Overcoming the odds is where the joy of Demon’s Souls lies. Success is remembered in times of anguish and heartily savored when it eventually arrives. Finally felling an enormous boss that once seemed nigh on invincible will give you a feeling of accomplishment that generic battles in other games simply can’t compete with. Sure it may have taken blood, sweat and tears, but through skill and determination you pulled through. At times it’s a hark back to the ‘good old days’, when death in a game meant counting your losses and starting all over again, despite the anguish of defeat.
Of course, just because the developers have ramped up the difficulty it does not automatically make it a great game (quite the opposite can also be the case). Demon’s Souls also has some highly innovative online features which sets it apart from the crowd. Black and blue eye stones allow players to invade and aid people respectively within their own level range. This means that blue phantoms can be summoned and players can co-operate and help each other at difficult points in the game. Or alternatively, black phantoms can invade and make their victim’s lives even more of a misery by killing them, thus undoing all their hard work. Although obviously co-op and PvP (player vs. player) battles are nothing new, in the unforgiving world of Demon’s Souls they can offer some much needed help or a further challenge respectively to those that seek it.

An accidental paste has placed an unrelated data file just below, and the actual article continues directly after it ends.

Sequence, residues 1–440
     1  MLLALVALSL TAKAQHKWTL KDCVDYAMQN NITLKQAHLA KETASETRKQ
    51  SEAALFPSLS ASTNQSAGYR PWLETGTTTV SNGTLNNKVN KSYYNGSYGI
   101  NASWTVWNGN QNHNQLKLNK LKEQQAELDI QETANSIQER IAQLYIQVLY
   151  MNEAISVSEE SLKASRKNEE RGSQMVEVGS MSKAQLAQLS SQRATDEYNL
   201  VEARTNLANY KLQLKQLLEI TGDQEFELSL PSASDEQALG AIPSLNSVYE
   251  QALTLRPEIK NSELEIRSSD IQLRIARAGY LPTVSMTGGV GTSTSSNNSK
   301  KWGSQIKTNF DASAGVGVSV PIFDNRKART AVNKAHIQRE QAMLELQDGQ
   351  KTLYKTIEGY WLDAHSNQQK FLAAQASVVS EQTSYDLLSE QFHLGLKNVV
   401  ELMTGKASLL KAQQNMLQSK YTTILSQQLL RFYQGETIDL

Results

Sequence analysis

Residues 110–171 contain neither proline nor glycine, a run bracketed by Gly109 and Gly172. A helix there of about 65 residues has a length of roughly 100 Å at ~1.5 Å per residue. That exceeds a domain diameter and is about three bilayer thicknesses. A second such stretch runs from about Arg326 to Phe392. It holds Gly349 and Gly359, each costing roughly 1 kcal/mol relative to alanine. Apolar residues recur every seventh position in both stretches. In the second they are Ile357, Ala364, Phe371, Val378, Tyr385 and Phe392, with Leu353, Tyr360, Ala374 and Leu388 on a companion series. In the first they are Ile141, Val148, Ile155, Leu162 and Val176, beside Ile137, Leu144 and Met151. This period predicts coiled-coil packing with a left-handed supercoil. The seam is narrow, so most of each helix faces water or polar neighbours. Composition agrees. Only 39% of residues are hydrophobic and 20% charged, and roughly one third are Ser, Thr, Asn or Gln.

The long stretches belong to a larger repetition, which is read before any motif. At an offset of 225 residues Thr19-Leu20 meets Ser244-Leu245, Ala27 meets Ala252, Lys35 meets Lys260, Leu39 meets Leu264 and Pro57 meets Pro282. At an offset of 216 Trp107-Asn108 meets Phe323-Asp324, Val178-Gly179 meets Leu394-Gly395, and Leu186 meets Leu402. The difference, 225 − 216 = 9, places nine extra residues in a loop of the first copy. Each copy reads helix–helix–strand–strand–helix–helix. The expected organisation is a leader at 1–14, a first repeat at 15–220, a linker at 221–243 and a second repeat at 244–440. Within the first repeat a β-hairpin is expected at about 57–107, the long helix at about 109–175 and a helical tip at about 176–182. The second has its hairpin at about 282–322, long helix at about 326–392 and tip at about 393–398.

Although PvP can satisfy cruel-hearted and competitive minded players, through co-operation is where the Demon’s Souls online experience really shines. As well as the aforementioned summoning of other players as blue phantoms to help out, the implementation of a message system means that are true sense of community exists.
Players can leave each other pre-written messages forewarning of traps, enemy ambushes and locations of valuable items, resulting in ‘we’re all in this together!’ sense of camaraderie. These messages are also often left to humorous effect, a welcome bit of light relief from the otherwise foreboding atmosphere of the game. Ghostly figures of other warriors roam around the worlds in real time, and although not offering any physical help (as a blue phantom will), it’s a strangely comforting thought to know that there are others out there struggling against the odds just like yourself. These inclusions add to an already rich atmosphere, and are an intriguing and inventive slant on multiplayer interaction.
Demon’s Souls certainly won’t be to everyone’s tastes. If you prefer a casual gaming experience then avoid it like the plague - it will most likely drive you to distraction. You’ll need to invest time and effort, as well as accepting that fact that you’ll die and die often, resulting in a repetitive slog through already challenging areas. However, if you’ve become disillusioned with the comfort zone that many developers let us bask in these days then this is the game for you. You will get angry, but you’ll collect yourself and press on. You will become disillusioned, but in perseverance you’ll find a sense of reward that is practically unrivaled on current-gen consoles. And at times you’ll curse and swear that you hate it, but deep down, no matter how unforgiving it can be, you know you still love it. There’s nothing quite like Demon’s Souls, just be prepared as to what you’re letting yourself in for.